Graduate debt has doubled to more than £44,000 on average since changes to tuition fees were made in 2012 - and most won't pay it off until their fifties.
While those in their twenties and thirties will on average pay less in repayments than under the old system, graduates who could previously have expected to repay their loans by their late 30s, now face being in their early 50s before they clear their debt.
Under the old system, nearly half of graduates would have repaid their debt in full by the age of 40. Under the new system, only about 5% will do the same and a whopping three-quarters will never pay back their loans in full.
For those who do repay into their fifties and do so in full, many professionals, such as teachers, will have to find anything from £1,700 to £2,500 a year more in loan repayments.
Researchers at the Institute of Fiscal Studies, which uncovered the figures, pointed out this will be at a time when their children are still at school and they have a mortgage to pay.
While student loan repayments now start at a higher level of income than before (£21,000 compared to £15,795), they now have a real rate of interest (of up to 3%), which means interest is charged from the first year of university.
This, along with the fact universities can charge more in tuition fees, has pushed the average loan to more than £40,000.
And while those graduates who earn the least during their lifetime will likely have most of their debts eventually written off by the government, David Hall, acting chairman of the Sutton Trust, which commissioned the research, said more must be done to help social mobility.
"The government should look again at the balance between fees, loans and government grants to universities. In particular, the government should consider reintroducing means testing for fee loans, in the same way that maintenance loans are means tested, reducing levels of debt for those who use higher education as a means of social mobility."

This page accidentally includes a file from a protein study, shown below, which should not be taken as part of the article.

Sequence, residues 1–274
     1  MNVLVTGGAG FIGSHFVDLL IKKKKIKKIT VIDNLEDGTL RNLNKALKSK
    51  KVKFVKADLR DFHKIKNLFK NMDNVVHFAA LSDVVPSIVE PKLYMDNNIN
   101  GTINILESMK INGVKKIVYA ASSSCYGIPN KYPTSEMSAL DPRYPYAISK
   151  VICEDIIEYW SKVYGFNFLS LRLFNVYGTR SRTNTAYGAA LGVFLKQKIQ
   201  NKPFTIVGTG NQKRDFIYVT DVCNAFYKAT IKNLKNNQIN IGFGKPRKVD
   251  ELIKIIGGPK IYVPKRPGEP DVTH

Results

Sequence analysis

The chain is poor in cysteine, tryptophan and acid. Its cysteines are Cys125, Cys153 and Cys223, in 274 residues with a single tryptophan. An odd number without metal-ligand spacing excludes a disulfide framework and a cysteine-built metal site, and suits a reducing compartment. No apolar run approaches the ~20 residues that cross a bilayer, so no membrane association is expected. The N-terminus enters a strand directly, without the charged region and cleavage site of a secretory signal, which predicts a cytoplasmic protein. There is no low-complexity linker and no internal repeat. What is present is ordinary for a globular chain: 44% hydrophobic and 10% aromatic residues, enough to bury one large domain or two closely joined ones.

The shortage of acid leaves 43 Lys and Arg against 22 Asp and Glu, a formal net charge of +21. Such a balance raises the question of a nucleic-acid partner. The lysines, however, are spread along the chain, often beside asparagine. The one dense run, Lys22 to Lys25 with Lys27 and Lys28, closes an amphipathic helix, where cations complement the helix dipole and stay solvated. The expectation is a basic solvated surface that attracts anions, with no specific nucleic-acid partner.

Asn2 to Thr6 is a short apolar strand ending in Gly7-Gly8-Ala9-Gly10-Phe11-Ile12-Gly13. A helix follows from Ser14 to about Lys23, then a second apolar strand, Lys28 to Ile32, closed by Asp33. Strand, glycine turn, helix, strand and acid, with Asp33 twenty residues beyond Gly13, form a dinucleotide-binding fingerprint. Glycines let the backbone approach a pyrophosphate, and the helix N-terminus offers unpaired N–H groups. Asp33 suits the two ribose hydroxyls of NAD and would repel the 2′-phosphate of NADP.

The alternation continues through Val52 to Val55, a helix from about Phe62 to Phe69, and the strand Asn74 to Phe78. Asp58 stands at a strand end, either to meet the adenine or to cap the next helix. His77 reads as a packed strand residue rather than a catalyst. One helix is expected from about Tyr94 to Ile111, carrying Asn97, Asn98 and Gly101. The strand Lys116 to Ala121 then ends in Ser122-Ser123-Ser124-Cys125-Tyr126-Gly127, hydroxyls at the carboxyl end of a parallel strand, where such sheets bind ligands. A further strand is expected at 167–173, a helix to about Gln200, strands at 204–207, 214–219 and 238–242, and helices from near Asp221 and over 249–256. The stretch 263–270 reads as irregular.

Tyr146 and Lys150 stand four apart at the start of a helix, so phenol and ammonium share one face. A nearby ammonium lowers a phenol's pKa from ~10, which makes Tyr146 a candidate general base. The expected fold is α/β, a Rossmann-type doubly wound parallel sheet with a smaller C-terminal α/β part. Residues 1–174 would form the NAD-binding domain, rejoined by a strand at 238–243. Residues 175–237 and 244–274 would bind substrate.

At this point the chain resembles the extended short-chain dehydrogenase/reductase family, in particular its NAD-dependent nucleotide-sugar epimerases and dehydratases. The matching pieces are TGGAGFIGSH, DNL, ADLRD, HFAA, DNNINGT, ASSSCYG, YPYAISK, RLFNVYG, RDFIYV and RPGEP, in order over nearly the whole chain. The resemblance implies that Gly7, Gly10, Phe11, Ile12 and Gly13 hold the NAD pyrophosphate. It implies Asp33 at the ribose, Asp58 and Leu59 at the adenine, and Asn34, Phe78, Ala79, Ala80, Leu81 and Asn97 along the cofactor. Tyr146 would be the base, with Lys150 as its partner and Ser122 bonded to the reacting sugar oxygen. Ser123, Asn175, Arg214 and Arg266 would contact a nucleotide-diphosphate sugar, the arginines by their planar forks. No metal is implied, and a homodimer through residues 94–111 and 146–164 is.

In a statement, a spokesperson for the Department for Business, Innovation & Skills said: "As a result of our reforms, a greater proportion of students from disadvantaged backgrounds are going to university than ever before.
"Most students will not pay upfront to study. There are more loans, grants and bursaries for those from poorer families.
"We have protected those on lower incomes by increasing the repayment threshold to £21,000 and our universities are now well funded for the long term."
However, Vivi Friedgut, of financial training company Blackbullion, added: “Today’s findings estimate that students will leave university with over £44,000 in debt, which is a staggering figure for individuals to owe, but it doesn’t take into account the additional debt students are accumulating on credit cards and overdrafts.
“Although this figure is over double the amount calculated earlier in the year at £20,000, it’s still not a true representation of the financial debt students are carrying after university. Additional debt incurred makes for eye watering figures later down the line as it’s not written off and gathers high interest.
“It’s this total amount of debt which university support services can play a crucial role in actively helping students to manage their money effectively. Universities need to make students aware of the total debt figure in order to properly address the financial hurdles individuals are encountering and provide effective support.”